The IRS reaches out in multiple ways. Most IRS contacts will come through regular mail delivered by the USPS. When might the IRS initiate direct contact with you?
- If you owe taxes — The agency describes the various payment options you can use to help you meet your obligations so you can pay what you owe by the tax deadline.
- If you’re struggling to pay in full by the tax deadline — The IRS will notify you if you qualify for a payment plan, advising that you can use the IRS’s Online Payment Agreement to set up a payment plan with an installment agreement to pay off your outstanding balance over time.
- If you’re encountering a tax issue — Do you have an unpaid bill or a question about your taxes? You’ll typically receive multiple letters in the mail from the IRS. You’re encouraged to respond to the letters quickly because interest and penalties compound quickly.
What are the limited circumstances that prompt the IRS to come to your home or business? Doing so will be part of a collection investigation, an audit or an ongoing criminal investigation.
Who are the IRS employees who make face-to-face visits outside an IRS office?
- Revenue officers.
- Revenue agents.
- IRS criminal investigation special agents.
IRS employees, the IRS notes, are trained to respect your rights as a taxpayer. Here are some important facts to keep in mind about these visits:
- You will have received multiple IRS letters in advance of a visit by a revenue officer, who is an IRS civil enforcement employee working to resolve such compliance issues as unfiled returns and/or taxes owed.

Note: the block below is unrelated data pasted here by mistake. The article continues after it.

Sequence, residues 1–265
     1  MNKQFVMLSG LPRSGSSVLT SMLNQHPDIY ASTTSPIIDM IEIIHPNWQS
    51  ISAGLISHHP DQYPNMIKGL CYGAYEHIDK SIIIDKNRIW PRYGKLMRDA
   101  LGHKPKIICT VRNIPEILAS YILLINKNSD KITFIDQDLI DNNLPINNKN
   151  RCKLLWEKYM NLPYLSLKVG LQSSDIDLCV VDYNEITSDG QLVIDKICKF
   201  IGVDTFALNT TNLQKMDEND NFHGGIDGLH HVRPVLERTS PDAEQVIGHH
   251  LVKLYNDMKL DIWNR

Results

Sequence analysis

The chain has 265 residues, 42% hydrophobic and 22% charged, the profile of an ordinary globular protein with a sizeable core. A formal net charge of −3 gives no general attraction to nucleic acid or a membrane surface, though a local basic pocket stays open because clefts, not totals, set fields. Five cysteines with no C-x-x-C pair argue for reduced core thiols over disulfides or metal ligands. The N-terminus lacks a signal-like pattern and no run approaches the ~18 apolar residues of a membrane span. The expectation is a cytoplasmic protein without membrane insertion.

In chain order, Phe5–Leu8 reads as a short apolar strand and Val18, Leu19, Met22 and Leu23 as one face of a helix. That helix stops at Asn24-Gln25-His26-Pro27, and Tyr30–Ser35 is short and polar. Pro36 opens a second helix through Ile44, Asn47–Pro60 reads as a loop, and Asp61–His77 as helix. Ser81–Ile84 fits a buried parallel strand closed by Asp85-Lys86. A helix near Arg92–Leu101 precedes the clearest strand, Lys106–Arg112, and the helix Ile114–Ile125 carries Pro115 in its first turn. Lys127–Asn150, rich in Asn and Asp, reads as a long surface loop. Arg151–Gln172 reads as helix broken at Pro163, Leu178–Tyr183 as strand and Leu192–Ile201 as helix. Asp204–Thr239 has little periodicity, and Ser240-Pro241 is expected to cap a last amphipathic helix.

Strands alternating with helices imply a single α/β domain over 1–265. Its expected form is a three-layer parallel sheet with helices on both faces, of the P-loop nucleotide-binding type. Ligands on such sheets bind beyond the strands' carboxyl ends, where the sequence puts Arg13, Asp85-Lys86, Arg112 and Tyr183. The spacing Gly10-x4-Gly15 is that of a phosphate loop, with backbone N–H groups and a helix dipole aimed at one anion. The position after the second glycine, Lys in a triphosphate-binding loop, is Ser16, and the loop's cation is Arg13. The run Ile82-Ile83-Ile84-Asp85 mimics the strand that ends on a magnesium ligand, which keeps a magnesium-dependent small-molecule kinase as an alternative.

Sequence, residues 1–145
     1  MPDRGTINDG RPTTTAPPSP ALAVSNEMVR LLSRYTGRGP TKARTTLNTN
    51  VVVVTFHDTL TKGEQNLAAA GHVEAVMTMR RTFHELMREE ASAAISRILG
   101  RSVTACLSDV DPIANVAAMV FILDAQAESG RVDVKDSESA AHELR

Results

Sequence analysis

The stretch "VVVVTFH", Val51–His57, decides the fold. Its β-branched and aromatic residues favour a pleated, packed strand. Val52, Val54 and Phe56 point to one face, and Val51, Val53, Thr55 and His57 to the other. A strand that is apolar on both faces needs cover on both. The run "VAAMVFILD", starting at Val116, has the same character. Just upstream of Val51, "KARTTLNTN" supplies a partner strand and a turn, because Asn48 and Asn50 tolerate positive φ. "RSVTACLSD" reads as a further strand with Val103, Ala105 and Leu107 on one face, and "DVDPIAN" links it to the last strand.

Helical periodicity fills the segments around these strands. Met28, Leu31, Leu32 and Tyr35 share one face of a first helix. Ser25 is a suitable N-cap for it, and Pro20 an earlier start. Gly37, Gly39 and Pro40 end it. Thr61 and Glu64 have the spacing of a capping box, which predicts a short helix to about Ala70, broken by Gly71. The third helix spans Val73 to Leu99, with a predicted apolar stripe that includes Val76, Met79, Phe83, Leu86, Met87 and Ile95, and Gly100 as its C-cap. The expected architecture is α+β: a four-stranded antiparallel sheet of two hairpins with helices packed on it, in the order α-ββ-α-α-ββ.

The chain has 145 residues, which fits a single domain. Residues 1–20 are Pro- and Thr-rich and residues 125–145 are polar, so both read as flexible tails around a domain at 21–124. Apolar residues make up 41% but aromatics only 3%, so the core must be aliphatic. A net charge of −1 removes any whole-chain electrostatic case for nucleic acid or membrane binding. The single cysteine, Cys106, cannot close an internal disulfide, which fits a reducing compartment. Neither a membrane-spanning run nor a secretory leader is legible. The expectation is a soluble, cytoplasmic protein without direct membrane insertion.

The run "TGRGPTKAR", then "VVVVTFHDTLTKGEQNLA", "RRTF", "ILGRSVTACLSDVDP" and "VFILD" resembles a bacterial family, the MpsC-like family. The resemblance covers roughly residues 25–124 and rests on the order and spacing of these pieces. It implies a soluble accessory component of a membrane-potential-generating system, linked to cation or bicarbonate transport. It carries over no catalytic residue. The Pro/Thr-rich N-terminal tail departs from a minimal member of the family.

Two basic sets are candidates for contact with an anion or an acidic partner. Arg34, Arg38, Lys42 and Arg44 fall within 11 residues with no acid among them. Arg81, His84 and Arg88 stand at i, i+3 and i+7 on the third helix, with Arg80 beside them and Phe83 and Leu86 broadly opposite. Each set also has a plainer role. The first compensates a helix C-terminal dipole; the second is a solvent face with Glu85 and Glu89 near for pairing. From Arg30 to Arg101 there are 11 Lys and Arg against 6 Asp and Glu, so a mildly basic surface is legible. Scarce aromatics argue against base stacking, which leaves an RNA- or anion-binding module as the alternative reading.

- These visits may be unscheduled and are made to share information and inform you of your obligations, and they are basically designed to get you to file tax returns or pay what you owe. Revenue officers work with you to resolve your tax issues so you’ll be in compliance.
- They’ll conduct interviews to gather financial information and inform you of the necessary steps to become and remain compliant with tax laws.
- You’ll be contacted by mail or phone before revenue agents visit your home, place of business or your accountant’s office, if your financial books and records are there. Expect to see two forms of official credentials with serial numbers and photos when revenue agents conduct in-person field audits. You may request additional verification of their identity.
- You’ll know you have a tax issue before the visits occur — multiple notices will have been mailed.
- You’ll receive an unannounced visit by IRS criminal investigation special agents for potential criminal violations of the Internal Revenue Code and related financial crimes.
- IRS-CI special agent jurisdiction includes tax, money laundering and Bank Secrecy Act laws.
- You can expect to see their law enforcement credentials when they come to conduct an investigation.
- They won’t demand any sort of payment on the spot.
All this being true, you still have to be aware of impersonation scams. If you don’t have a previous tax issue and suspect someone is trying to impersonate an IRS employee, here are ways to report it:
- Go to the website for the Treasury Inspector General for Tax Administration and find its Report Waste, Fraud and Abuse page. Alternately, you can call 800-366-4484 to report impersonation scams.
- Report phone scams to the Federal Trade Commission at Report Fraud FTC, a website.
- Report an unsolicited email claiming to be from the IRS or an IRS-related system, such as the Electronic Federal Tax Payment System, to the IRS at firstname.lastname@example.org.
You can obtain a comprehensive listing of recent tax scams and consumer alerts, including how to report them, by visiting Tax Scams/Consumer Alerts.
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